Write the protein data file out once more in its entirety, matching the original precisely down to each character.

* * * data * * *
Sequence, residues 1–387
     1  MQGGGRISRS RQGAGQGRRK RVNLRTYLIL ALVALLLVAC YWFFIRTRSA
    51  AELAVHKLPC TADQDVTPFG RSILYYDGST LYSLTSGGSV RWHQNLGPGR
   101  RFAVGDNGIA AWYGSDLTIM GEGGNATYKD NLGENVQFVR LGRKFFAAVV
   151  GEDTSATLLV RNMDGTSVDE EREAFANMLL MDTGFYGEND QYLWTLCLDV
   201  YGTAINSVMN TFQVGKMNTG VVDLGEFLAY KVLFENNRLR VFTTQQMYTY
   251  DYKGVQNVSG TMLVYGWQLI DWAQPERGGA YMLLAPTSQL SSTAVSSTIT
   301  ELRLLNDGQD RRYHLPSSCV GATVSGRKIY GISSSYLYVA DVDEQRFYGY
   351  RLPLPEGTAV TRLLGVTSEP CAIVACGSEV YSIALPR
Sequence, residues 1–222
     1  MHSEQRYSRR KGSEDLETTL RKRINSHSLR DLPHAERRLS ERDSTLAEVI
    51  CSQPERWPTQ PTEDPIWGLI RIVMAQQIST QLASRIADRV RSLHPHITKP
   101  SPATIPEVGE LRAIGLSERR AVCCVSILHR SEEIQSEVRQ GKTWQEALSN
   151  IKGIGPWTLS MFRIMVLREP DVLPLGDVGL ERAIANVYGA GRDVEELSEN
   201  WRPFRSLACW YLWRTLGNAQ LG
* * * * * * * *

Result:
Sequence, residues 1–387
     1  MQGGGRISRS RQGAGQGRRK RVNLRTYLIL ALVALLLVAC YWFFIRTRSA
    51  AELAVHKLPC TADQDVTPFG RSILYYDGST LYSLTSGGSV RWHQNLGPGR
   101  RFAVGDNGIA AWYGSDLTIM GEGGNATYKD NLGENVQFVR LGRKFFAAVV
   151  GEDTSATLLV RNMDGTSVDE EREAFANMLL MDTGFYGEND QYLWTLCLDV
   201  YGTAINSVMN TFQVGKMNTG VVDLGEFLAY KVLFENNRLR VFTTQQMYTY
   251  DYKGVQNVSG TMLVYGWQLI DWAQPERGGA YMLLAPTSQL SSTAVSSTIT
   301  ELRLLNDGQD RRYHLPSSCV GATVSGRKIY GISSSYLYVA DVDEQRFYGY
   351  RLPLPEGTAV TRLLGVTSEP CAIVACGSEV YSIALPR
Sequence, residues 1–222
     1  MHSEQRYSRR KGSEDLETTL RKRINSHSLR DLPHAERRLS ERDSTLAEVI
    51  CSQPERWPTQ PTEDPIWGLI RIVMAQQIST QLASRIADRV RSLHPHITKP
   101  SPATIPEVGE LRAIGLSERR AVCCVSILHR SEEIQSEVRQ GKTWQEALSN
   151  IKGIGPWTLS MFRIMVLREP DVLPLGDVGL ERAIANVYGA GRDVEELSEN
   201  WRPFRSLACW YLWRTLGNAQ LG